The book starts with Callie in the hospital—a mental ward—sitting with her therapist. Pretty quickly, we learn the circumstances of when she cut herself for the first time. And then we learn that she’s not speaking, at all. She has to go to these group therapy sessions with other girls who are there for different reasons—some have eating issues, some drug issues. So, very early on we’re set up to wonder why she’s cutting herself, if she’s going to talk, and what’s going to happen with her group.

McCormick obviously did her research on cutting and what drives people to it. She portrays Callie sympathetically without romanticizing cutting in any way. And she addresses how cutting can make people feel better at times but shows how that’s a fleeting thing. And it stops working:

The pain is so sharp, so sudden, I catch my breath. There’s no rush, no relief. Just pain, a keen, pulsing pain… It’s never hurt like this before. And it’s never not worked.

Callie is shown to have depth even though we don’t really get to know her reasons for cutting any sooner than the therapist. The other girls are portrayed realistically, too, and there’s an interesting subplot involving one of the anorexic/bulimic girls. And even though we see her brother Sam only once in story time, he is a good character and critical to the story.

Check this one out if you’re up for a short but deep portrait of a troubled teen.

Review: Darius the Great Is Not Okay by Adib Khorram

Darius the Great Is Not Okay book coverDarius the Great Is Not Okay is a unique book. Darius is an American kid whose mother is from Iran and whose father is Teutonic stock, and he is under treatment for depression. You don’t see a lot of YA featuring boys of color with depression, so I was curious to see how this one would play out. Also, most of the book is set in Iran, which is cool—I’ve only personally encountered one other YA book set there (not that I’ve looked extensively, but still).

Darius doesn’t fit in in Portland, Oregon and feels second-rate even in his own home. He does have an eight-year-old sister he adores, but his relationship with his father is rough. It’s clear from the very beginning that that causes him the most grief. Almost as soon as we’re first introduced to his father, Darius refers to him by his first and last name—Stephen Kellner—which is jarring. But he does this repeatedly, making it clear that he feels distant from his father.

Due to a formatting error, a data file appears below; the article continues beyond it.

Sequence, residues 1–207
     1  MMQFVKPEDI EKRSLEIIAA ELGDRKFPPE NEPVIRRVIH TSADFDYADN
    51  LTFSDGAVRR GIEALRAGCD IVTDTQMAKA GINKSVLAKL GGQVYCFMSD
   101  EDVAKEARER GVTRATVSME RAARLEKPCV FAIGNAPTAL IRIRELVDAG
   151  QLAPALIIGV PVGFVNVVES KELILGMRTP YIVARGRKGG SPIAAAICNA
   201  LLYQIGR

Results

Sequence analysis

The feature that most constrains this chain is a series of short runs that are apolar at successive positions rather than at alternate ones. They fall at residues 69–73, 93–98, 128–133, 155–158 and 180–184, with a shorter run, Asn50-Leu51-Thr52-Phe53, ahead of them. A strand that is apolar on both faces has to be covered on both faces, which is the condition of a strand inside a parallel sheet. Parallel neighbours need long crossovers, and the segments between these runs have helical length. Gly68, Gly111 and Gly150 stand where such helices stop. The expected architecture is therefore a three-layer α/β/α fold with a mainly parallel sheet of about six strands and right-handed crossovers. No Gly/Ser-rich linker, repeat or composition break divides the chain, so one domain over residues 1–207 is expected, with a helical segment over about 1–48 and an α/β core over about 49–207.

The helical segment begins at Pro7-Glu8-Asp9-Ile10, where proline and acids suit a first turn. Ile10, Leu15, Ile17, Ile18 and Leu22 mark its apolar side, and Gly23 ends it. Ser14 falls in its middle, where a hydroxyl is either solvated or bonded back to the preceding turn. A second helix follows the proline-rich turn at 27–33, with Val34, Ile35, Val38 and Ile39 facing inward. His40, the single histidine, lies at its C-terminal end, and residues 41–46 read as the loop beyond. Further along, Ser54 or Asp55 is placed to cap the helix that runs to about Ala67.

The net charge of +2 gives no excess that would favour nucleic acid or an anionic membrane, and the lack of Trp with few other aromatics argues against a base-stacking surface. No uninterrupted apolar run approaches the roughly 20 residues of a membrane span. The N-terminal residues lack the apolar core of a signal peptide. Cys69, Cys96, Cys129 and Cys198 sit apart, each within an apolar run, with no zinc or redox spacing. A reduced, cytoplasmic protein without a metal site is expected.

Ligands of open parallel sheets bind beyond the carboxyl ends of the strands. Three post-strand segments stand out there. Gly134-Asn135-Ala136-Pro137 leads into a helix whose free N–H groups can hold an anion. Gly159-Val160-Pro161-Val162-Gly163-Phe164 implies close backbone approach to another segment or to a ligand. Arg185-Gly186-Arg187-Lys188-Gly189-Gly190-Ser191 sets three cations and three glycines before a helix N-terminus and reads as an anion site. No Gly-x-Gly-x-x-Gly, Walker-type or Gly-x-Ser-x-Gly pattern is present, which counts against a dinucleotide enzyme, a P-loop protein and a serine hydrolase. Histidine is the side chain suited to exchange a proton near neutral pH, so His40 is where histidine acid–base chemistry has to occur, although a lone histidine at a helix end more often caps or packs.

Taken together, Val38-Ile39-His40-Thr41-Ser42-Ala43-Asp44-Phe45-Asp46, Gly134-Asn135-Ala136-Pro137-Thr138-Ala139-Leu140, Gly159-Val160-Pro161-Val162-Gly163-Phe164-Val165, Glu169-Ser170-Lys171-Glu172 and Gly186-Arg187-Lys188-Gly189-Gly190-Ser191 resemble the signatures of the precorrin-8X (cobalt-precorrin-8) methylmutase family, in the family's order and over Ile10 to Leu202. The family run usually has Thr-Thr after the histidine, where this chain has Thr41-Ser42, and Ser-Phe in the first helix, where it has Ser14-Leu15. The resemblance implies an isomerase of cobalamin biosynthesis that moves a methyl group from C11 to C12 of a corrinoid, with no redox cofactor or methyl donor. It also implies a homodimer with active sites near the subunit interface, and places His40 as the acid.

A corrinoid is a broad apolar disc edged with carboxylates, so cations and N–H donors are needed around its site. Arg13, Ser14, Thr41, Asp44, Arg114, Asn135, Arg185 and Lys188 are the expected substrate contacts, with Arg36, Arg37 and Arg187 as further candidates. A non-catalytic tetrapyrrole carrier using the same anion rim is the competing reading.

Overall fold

In addition to things being difficult with his father, Darius has a bully (who also gets the first/last name treatment). He has one friend at school, a Persian girl. But she’s full-Persian rather than being “Fractional” as he thinks of himself, so he feels less than her. Interestingly, Darius has been on medication for depression since he was twelve, and that doesn’t seem to faze him much. He’s not 100% comfortable with it, but it doesn’t bother him as much as the other things do. His father also has to manage his own depression, so they’re very matter-of-fact about it. (I should mention that the depression representation is very good.)

Darius has a Skype relationship with his family back in Iran. But when it becomes clear that his grandfather’s brain tumor is getting worse, his family decides to visit the country for the first time. This is when the story really gets started—it’s the first time he really feels at home, after meeting his family and becoming friends with a boy named Sohrab from down the street, but he still has a lot to learn about his family, friendship, and himself.

Sohrab is a great friend to Darius and the two of them really bond. Darius spends most of his free time with him. It’s an interesting relationship from an American perspective, because Sohrab is very tactile. That’s realistic for a male relationship in Iran, even though it feels a little like there might hints of a romance between the two for an American reader. There are also hints that Darius’s “difference” might include being gay, but this never goes anywhere substantial, which made this a nice book about genuine friendship and family. Iran turns out to be where Darius finds himself and finally comes to an understanding with his father.

If you want a book about depression, or one about a kid who doesn’t fit in, or one about a half-Iranian kid going to Iran for the first time, etc. try this one out. All in one package. It’s very good.